Warp 35

Soapbox of a GNU/Linux lovin' guy.
FOSS just works.

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Location: Groningen, Groningen, Netherlands

I'm a Dutch guy born in 1974. Growing up I went from a dreamer to halfway mature. In 2002 I met my life partner and I'm living happily with hime ever since. I'm seconded at Stork Technical services since 2001. Right now I'm pretty happy with where I'm at.

Thursday, February 17, 2005

Interesting times

We're living in interesting times when it comes to FOSS. Right now I am a little lost as to where the currents flow. There is much going on, but it is all in its early stages. Overall it looks pretty stagnant, but the things that are brewing have the potential for major shifts.

We have Microsoft frantically pushing for Software Patents in Europe. Threatening sovereign states with jobloss if they oppose MS. (Ofcourse purely off the record, because it was "a missunderstanding").

MS is also patenting prior art and the moon to build a bogus portfolio, that will prove to be too expensive to defuse, in effect making it "valid". Does it matter if one patent can be overturned at high expenses, when they have a few thousands more to harass the competition with?

Then they are smudging the lines between Windows XP SP2 and the next UeberWindows, Longhorn. Indigo and Avalon are being backported to WinXP. What's up with that? Wasn't Longhorn supposed to be the must have to get WinFS (withered at the vine), Indigo and Avalon? Even IE 7 will be a standalone again. The only thing of the marketing buzzwords left is WinFX, but that is also partially available as the dotNET stack on XP.

One has to wonder what MS is aiming at. Is MS planning to cancel official releases and provide you with "Windows", an ever changing creature that gains and loses abilities as soon as MS releases or removes them?

Sun Microsystems. Ah, the tragic note of today. Sun is trying to save itself and its Crown Jewel, Solaris. It seems that their bid to make them and Solaris relevant again has been turned down. The FOSS community looked at OpenSolaris and "Cuddle" and said "Thanks, but no thanks." Our big hope is that Sun can gather enough Sun afficionados to build a little "Cuddle" community, like Apple with Darwin. But even then, Apple's Darwin community survives because of the cool gadgets Apple sells. Sun only has mediumsized iron and no iPods.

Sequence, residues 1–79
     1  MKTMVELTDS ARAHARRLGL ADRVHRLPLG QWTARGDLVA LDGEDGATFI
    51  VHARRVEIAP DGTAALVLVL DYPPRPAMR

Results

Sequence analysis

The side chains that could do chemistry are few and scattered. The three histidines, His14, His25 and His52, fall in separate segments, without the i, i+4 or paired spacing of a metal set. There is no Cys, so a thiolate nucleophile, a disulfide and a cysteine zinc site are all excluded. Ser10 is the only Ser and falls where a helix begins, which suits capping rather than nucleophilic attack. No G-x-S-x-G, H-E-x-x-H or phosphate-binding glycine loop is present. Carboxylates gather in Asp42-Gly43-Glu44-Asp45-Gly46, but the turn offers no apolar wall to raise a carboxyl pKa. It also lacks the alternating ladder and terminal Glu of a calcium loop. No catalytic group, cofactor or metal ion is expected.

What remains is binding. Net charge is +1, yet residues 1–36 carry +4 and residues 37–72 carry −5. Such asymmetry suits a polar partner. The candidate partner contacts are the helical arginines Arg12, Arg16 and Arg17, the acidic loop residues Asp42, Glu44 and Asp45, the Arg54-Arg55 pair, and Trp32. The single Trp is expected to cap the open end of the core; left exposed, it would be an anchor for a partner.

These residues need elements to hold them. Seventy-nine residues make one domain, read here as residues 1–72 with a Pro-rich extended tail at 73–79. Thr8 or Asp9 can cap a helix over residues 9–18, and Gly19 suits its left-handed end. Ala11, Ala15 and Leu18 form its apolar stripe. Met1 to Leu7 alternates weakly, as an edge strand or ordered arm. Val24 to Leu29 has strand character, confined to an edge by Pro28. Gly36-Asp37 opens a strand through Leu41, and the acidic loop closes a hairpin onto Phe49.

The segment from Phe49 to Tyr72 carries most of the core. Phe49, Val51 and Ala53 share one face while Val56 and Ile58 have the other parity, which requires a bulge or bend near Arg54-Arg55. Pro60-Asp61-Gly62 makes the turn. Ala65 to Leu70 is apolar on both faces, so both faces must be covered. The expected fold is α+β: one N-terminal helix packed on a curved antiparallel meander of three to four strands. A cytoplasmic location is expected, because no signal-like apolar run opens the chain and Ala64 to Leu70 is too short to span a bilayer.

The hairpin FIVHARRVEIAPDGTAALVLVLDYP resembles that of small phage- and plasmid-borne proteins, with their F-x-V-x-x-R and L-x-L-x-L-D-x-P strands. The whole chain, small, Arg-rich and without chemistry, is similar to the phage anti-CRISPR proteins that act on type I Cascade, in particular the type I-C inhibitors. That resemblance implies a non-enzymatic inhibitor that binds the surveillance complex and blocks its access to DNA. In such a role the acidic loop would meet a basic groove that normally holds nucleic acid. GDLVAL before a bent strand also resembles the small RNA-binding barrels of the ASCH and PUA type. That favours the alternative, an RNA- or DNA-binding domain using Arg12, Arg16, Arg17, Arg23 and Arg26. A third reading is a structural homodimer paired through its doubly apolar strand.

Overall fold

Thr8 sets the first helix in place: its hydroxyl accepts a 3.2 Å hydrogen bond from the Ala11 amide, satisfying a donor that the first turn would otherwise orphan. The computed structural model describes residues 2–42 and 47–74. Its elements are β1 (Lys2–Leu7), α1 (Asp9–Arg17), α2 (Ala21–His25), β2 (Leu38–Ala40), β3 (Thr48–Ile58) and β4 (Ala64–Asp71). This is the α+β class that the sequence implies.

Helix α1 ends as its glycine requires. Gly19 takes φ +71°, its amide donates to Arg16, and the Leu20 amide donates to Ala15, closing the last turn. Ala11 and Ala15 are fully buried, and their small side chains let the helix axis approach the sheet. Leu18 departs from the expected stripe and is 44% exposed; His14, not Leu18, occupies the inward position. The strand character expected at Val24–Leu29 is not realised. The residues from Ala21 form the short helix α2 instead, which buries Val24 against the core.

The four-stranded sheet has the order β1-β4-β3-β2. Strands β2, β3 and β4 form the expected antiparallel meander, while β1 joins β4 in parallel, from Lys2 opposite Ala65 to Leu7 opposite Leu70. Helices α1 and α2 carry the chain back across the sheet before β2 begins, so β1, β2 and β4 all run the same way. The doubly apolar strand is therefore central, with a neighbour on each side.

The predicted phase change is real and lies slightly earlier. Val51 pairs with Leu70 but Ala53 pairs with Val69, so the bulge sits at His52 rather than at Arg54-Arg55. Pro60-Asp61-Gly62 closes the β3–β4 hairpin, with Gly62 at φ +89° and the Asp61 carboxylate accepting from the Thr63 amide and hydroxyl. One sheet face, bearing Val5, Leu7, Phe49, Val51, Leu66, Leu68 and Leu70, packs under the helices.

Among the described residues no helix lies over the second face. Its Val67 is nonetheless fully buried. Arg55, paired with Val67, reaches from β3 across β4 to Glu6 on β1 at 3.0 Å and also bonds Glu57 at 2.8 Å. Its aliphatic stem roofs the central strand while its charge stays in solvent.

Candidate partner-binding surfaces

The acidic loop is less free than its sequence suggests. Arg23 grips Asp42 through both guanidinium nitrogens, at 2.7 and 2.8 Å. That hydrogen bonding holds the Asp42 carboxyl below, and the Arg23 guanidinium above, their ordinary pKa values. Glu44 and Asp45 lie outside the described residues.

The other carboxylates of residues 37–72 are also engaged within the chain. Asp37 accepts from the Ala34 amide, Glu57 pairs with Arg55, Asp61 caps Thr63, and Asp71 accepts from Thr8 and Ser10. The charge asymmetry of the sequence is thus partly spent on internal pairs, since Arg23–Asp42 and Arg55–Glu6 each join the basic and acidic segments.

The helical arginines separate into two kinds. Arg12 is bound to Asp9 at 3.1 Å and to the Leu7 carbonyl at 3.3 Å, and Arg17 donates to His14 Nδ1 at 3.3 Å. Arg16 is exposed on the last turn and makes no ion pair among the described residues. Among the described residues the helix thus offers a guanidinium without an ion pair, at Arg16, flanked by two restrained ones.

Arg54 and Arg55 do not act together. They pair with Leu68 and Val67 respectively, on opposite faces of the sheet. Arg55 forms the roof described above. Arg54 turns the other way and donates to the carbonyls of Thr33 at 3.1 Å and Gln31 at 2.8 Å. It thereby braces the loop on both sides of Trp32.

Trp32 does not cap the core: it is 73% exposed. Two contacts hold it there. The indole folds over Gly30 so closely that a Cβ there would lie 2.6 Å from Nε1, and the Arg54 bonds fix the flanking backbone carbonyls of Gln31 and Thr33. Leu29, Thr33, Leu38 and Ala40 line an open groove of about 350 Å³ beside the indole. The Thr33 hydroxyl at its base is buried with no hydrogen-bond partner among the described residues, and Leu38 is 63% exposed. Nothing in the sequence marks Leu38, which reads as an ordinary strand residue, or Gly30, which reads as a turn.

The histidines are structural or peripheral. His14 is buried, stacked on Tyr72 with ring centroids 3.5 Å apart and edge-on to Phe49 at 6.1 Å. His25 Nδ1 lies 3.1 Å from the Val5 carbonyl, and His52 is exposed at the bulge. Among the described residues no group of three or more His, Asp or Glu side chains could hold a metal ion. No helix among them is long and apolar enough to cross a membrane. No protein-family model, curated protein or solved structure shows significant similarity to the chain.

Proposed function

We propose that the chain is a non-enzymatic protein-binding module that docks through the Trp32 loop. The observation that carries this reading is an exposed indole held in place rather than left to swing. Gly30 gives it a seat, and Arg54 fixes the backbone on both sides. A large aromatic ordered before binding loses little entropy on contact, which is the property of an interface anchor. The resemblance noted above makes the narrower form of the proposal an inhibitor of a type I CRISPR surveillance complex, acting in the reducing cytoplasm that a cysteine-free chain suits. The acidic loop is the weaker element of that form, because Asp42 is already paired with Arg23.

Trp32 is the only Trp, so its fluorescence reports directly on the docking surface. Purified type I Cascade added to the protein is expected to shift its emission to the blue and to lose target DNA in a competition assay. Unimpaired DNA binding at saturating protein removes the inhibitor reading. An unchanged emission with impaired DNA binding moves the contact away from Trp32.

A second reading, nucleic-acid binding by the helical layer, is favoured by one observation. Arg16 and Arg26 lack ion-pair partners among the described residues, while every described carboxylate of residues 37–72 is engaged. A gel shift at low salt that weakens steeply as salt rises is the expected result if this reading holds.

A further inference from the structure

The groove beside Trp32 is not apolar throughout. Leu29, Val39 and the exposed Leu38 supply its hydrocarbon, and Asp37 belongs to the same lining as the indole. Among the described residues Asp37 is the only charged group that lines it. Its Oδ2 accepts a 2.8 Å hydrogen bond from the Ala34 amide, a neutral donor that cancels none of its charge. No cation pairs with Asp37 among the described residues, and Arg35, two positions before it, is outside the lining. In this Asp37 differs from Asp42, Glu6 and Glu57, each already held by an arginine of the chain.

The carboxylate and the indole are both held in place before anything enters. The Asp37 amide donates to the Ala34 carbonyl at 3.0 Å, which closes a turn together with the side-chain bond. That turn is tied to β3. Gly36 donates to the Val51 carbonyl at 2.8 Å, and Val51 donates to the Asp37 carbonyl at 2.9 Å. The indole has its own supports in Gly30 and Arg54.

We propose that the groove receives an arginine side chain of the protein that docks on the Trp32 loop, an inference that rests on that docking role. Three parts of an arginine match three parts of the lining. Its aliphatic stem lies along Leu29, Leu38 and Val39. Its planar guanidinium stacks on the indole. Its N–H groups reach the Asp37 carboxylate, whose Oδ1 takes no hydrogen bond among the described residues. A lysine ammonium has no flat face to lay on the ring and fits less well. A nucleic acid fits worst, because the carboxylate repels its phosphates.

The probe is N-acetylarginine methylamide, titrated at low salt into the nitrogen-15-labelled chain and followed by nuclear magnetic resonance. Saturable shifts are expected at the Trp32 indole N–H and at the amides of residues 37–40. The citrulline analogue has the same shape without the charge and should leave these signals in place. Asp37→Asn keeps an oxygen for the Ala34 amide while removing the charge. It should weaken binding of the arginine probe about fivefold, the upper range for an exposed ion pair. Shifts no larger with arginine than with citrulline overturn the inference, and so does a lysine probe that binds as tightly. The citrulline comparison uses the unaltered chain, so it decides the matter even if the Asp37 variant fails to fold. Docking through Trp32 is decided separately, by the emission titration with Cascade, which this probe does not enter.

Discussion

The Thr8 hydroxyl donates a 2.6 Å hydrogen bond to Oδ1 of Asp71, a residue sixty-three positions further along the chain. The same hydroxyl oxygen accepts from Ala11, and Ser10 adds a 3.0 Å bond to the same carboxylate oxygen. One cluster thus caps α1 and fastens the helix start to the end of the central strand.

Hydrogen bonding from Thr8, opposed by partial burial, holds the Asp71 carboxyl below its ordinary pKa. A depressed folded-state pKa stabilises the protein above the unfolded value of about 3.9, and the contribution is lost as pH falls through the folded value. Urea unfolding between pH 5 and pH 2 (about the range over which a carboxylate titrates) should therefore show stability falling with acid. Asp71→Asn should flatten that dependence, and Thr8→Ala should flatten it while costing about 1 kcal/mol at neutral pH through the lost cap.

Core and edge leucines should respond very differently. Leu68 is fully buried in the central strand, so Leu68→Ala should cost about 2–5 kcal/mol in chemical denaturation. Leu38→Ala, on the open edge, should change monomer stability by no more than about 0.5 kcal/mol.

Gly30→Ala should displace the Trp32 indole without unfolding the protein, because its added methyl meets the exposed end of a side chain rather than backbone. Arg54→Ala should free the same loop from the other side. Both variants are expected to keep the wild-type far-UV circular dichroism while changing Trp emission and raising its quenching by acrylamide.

SCO vs IBM. Well, the SCO part is pretty clear. The plane has caught fire and is hurtling towards the ground. It is not a matter of if it crashes, but when it crashes. The part that is unclear here is the mildly related Noorda vs Canopy Management suit. What does it mean if the founders of Canopy accuse daily management of embezzlement through dubious transactions with Canopy companies (like SCO) and stock deals? No saying how this will unfold.

As for Europe itself. The patents on software question will give an answer on another question. Will Europe prevail with the democratic process or will it succumb to the pressure of the dictatorial lobbying?

Tuesday, February 08, 2005

QT4, the toolkit that brings liberty to Windows

Trolltech has announced it is also going to release QT4 under the GPL on Windows. This is a pretty major step. Considering that Windows was QT's proprietary business stronghold. I applaud Trolltech for this bold move. It is a major contribution.

It will mean the chance for KDE 4 to break all barriers and run on the worlds most used OS. If KDE runs on Windows and brings with it all stallward KDE apps like Konqueror, amaroK, K3B, Koffice, it'll mean a further nail in MS's monopoly coffin.

I for one would love to see that big K on every computer, wether it runs *Nix or Windows. We'll see how this will play out in about a year.

Sun. Friend or Foe?

I'm an enthusiastic GNU/Linux user. I don't code, but I do my share of getting the word out. Coding should be left to the masters of the craft. VBA bungling in Excel at work has tought me that much. ;-)